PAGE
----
So most of the races I have done have been on the smaller side, but the Toronto Waterfront Marathon is a big deal. 25 500 people run this event each year, and there is large number of elites that sign up to compete for the win.

My heart skipped a beat when I bumped into Reid Coolsaet on my way to my corral. My inner running geek was squealing with excitement as I quickly apologized and scurried away. Watching the elites warm up and take on the course was very cool and so inspiring. The winner of this year's race Betona Warga ran the Marathon in 2:10:35 - holy cow! I wasn't even at the half way point yet?! And it is definitely cool to be a part of something like that.

Overall, it was a great event.
And if any of my American buddies are looking for an excuse to come visit their favourite Darwinian Fail and our fair city of Toronto, I would say this is a pretty great option!

Love your Favourite Darwinian Fail,

Thursday, 18 October 2012

Marathon Recap - The Bad

A huge part of me wrestled with writing this post. And a huge part of me wrestled with sharing it.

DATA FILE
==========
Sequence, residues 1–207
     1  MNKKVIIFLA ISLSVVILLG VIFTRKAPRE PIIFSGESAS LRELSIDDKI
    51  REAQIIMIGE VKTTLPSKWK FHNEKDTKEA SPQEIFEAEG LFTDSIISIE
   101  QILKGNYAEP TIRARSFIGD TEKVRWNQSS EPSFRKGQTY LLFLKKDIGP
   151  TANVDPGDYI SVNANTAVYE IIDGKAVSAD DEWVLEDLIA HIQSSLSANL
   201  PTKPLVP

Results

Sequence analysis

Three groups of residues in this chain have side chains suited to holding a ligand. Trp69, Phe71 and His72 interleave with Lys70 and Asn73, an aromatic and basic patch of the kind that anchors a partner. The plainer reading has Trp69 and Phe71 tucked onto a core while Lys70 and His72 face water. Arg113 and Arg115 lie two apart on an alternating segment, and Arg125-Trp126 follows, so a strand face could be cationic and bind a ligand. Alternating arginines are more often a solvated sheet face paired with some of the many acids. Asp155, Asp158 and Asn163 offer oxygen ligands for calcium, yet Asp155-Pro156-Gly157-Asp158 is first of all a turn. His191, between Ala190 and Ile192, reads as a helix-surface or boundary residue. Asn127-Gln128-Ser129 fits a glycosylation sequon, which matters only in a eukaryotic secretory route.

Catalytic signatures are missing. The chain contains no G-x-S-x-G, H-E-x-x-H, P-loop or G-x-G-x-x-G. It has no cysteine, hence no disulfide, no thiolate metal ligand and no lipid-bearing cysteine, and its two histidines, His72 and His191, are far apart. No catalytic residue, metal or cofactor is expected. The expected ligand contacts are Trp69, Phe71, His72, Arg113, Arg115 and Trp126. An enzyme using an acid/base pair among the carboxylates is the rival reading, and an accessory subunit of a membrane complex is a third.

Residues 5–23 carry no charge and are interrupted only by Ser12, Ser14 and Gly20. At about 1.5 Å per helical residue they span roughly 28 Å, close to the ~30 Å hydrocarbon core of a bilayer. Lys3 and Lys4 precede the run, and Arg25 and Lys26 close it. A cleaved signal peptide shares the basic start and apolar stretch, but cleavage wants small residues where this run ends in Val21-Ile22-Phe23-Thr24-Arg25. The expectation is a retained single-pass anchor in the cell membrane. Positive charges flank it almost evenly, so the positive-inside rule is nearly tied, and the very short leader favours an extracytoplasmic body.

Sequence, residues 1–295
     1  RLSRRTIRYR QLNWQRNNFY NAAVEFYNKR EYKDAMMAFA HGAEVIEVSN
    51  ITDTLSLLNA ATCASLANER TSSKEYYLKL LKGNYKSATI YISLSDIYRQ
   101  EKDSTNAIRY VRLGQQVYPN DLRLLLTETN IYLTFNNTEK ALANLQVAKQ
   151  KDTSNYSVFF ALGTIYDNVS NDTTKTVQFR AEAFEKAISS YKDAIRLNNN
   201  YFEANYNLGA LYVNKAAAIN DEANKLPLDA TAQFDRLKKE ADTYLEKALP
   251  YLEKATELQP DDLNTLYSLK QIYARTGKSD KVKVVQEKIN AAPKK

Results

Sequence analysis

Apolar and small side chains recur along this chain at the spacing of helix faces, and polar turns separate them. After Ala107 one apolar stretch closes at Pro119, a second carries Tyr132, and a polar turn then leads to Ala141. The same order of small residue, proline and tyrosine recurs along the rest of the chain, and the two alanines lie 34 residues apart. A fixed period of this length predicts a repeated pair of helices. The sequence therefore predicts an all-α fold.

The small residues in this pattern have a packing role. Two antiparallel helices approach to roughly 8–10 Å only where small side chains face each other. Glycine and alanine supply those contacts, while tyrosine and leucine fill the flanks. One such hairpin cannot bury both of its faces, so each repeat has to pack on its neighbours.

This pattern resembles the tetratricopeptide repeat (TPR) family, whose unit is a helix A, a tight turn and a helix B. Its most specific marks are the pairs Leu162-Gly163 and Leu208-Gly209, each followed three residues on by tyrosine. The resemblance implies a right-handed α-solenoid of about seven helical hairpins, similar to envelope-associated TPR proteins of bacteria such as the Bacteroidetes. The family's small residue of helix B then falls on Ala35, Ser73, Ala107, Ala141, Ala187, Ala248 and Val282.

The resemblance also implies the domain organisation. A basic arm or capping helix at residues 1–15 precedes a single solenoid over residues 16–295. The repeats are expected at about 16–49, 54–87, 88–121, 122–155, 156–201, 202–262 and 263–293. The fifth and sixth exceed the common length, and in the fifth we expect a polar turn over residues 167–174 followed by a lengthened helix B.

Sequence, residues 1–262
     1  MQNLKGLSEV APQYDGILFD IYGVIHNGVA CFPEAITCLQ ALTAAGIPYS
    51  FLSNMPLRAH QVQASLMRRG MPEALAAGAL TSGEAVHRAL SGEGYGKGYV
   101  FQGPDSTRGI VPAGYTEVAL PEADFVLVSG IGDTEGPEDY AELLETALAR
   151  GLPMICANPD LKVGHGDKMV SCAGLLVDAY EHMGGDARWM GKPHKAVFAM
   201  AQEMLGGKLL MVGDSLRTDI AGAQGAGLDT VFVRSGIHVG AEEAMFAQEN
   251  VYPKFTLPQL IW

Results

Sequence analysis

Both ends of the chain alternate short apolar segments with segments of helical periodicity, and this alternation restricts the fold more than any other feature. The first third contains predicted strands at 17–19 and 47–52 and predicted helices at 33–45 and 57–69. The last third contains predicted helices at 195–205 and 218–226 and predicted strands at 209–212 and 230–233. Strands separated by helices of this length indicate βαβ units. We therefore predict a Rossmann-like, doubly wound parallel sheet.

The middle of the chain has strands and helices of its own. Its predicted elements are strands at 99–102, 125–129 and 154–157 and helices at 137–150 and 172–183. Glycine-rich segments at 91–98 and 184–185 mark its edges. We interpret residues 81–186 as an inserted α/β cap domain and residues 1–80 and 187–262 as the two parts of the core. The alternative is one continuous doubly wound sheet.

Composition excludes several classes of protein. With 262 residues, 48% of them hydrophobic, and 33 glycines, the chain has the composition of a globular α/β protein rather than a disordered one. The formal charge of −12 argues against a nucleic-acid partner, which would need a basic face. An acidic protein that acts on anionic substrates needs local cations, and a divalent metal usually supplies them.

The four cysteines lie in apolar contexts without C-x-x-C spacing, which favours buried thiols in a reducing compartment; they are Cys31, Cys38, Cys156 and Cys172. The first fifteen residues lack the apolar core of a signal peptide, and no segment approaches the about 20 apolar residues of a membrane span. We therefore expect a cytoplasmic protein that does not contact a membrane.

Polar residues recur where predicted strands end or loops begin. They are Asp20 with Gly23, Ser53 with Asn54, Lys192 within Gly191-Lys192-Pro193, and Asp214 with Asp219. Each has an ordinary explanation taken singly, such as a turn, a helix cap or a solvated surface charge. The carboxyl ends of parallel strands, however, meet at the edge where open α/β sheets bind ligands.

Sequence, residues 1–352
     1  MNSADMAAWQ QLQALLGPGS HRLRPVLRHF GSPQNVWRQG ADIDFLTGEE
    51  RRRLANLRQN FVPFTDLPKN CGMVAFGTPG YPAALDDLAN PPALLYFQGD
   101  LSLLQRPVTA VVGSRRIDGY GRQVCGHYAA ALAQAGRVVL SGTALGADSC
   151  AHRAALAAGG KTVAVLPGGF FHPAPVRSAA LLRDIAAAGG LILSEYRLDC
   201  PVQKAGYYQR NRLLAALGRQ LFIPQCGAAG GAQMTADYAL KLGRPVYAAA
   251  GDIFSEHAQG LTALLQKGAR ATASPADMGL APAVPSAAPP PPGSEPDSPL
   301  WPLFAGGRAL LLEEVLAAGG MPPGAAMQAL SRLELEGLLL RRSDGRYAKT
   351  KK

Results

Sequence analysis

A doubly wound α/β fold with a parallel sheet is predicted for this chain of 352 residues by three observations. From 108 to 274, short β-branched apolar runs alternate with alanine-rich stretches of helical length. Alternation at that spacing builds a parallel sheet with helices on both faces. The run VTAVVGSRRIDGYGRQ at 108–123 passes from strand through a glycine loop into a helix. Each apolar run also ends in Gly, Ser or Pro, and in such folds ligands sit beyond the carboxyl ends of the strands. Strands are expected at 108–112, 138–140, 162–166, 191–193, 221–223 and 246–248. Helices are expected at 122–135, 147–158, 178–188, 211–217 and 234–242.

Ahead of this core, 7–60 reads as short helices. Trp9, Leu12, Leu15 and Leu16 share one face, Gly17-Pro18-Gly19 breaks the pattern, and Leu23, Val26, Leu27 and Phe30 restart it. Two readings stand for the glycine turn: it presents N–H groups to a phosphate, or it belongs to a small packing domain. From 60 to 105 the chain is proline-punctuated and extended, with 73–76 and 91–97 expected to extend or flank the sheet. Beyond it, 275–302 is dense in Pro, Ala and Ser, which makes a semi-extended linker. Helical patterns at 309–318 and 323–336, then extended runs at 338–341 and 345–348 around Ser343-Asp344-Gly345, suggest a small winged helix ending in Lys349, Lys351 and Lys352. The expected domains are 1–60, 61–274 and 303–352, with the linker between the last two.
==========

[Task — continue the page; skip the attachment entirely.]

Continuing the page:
I wanted to do my best to ignore my inner negative voice, and to celebrate this year, this achievement, and this milestone. But I would be a liar if I said that I loved every minute of Sunday, and that I left my marathon experience feeling amazing...

So here it is, The Bad...

Anyone who has read even a snippet of this blog, knows that I don't run just to run.

Running is always much more emotional than that. I always run to prove something - to me, to my body, to the world - I don't know...

Christopher McDougall wrote in Born To Run that "when things look worst, we run the most." That "there's a trigger in the human psyche, a coded response that actives our first and greatest survival skills when we sense the raptors approaching".